gavin grimm aclu-01_320pFollowing is a prepared statement that Gloucester High School student Gavin Grimm delivered at a news conference today with his attorneys from the ACLU of Virginia and ACLU national. The conference was held immediately following oral arguments before the U.S. Court of Appeals for the Fourth District in Gavin's sex discrimination case against his local school board. Watch the entire news conference below.
"Standing at the school board meeting last year was equal parts humiliating and terrifying.
"Humiliating because, at age 15, I had to witness adults of my community discuss in a public forum some rather intimate details of my anatomy. In plainer words, the anatomy of a 15-year-old was considered appropriate for public conversation by the Gloucester County School Board.
"For any kid that would be mortifying. However for a kid who is transgender, bringing to the forefront of people’s minds the very part of themselves that already makes them dysphoric is incomparably distressing.
"I sat by while people repeatedly called me a girl. "She." "Her." "Young lady." "Confused young lady." Even "freak." Bullying is already an enormous problem for high school aged youth, and especially transgender youth. To hear adults of my community treat me as if I was a creature for their ridicule and observation, or some oddity on a stage was incredibly dehumanizing to an extent I could not possibly convey.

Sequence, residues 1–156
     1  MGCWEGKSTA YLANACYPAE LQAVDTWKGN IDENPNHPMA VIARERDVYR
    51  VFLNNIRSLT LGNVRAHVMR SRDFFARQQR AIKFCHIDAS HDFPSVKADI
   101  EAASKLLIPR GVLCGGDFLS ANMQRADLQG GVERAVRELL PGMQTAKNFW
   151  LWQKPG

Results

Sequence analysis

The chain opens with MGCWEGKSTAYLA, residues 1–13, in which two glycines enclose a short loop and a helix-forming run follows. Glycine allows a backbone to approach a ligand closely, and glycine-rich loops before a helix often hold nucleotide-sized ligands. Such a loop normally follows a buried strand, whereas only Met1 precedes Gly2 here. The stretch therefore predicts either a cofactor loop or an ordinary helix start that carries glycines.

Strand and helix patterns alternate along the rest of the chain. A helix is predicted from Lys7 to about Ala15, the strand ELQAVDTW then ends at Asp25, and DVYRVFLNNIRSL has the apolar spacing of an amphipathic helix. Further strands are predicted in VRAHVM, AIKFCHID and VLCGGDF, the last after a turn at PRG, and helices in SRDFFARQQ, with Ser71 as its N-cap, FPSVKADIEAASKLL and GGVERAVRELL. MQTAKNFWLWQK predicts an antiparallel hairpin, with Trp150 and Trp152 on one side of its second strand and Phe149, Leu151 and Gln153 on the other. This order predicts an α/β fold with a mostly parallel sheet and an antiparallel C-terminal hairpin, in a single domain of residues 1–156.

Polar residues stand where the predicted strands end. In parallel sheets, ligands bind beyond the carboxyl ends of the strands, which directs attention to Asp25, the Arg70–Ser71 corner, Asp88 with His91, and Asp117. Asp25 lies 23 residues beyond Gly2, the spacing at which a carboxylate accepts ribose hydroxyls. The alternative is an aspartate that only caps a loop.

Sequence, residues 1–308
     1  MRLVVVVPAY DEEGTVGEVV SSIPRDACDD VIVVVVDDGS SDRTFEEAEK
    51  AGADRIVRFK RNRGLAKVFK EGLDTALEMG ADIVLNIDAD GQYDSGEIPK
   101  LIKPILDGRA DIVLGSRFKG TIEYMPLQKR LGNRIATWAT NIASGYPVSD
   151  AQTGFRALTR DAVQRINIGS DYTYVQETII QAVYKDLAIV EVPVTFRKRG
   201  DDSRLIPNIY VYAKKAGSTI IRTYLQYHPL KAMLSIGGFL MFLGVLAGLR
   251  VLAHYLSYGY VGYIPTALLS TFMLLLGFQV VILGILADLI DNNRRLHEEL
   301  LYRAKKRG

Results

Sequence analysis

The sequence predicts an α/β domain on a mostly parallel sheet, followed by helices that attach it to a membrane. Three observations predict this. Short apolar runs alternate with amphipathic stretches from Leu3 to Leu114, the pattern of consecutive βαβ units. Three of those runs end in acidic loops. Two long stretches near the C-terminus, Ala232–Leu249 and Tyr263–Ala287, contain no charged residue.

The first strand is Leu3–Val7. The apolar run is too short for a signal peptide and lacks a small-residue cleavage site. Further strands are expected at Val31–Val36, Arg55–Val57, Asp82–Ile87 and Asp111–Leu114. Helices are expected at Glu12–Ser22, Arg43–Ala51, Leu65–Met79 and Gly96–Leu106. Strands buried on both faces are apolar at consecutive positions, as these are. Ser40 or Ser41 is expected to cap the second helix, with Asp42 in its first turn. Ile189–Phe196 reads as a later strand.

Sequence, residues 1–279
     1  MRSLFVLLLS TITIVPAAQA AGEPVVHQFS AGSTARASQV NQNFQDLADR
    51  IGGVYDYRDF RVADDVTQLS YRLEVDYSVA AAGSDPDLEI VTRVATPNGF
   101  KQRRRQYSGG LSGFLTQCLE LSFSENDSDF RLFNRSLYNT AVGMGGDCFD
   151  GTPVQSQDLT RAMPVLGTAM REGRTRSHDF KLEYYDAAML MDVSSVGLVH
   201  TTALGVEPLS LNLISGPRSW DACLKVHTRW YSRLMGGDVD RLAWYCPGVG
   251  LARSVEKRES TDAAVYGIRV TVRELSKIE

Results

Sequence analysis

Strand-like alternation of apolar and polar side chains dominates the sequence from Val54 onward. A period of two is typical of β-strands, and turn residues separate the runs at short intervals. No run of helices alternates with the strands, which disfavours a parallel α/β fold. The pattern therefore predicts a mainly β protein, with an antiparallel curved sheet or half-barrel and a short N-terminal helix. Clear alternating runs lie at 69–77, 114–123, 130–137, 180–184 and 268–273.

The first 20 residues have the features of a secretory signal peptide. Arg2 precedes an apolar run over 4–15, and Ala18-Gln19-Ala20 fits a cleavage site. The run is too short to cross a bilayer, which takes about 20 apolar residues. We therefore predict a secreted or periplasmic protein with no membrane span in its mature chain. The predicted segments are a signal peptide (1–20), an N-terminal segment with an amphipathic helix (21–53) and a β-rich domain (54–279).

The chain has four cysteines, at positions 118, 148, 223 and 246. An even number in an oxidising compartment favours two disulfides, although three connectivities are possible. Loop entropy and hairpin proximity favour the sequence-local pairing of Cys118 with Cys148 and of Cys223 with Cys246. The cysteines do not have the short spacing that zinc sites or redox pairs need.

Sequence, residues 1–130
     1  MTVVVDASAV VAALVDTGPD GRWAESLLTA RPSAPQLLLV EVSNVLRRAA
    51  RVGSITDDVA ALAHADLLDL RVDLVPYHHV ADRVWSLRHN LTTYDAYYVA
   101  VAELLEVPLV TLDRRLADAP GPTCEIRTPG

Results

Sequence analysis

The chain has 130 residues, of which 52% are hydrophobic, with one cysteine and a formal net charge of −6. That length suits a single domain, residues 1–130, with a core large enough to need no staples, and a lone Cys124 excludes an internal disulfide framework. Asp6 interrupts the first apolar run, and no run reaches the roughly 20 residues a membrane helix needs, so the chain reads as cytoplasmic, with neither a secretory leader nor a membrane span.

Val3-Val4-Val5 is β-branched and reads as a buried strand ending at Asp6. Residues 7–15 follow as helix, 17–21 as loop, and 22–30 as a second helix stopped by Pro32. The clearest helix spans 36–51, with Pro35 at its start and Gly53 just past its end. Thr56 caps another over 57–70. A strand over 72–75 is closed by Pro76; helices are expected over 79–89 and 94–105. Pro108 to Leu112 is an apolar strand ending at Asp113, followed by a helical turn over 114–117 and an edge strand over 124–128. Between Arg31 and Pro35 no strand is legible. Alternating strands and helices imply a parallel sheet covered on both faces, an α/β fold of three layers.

"And of course, I was terrified. Firstly, because the school board had the power to bar me from the correct restroom for the rest of my time at Gloucester High School. Secondly, because I was in a room full of adults who thought it appropriate to have this sort of vulgar discussion, who would clap or cheer after every derogatory statement, of which there were many.
"After enduring all of that – twice – I felt as though I couldn't possibly take any more hits. But I did, because at the end of the school board meetings, my school board chose to enact a policy that would further alienate and stigmatize me by forcing me to use separate restrooms from all of the other students at school. For me, the thought of going into a separate restroom which might as well have been labeled "other" was just far too much to bear. The trek to the restroom in the nurse’s office each time it was necessary was similarly humiliating, similarly upsetting and othering and dysphoria-inducing. The only difference was that it was just slightly less conspicuous.
"I am fighting this fight because no kid should have to think so hard about performing a basic and private function of being alive. No kid struggling to be accepted, and struggling to accept themselves, should have to simultaneously battle for the right to use the correct bathroom. That is why I have come to this point. I hope that I will be one of the last kids that has to go through something like this, and I am going to do what I can to ensure that."
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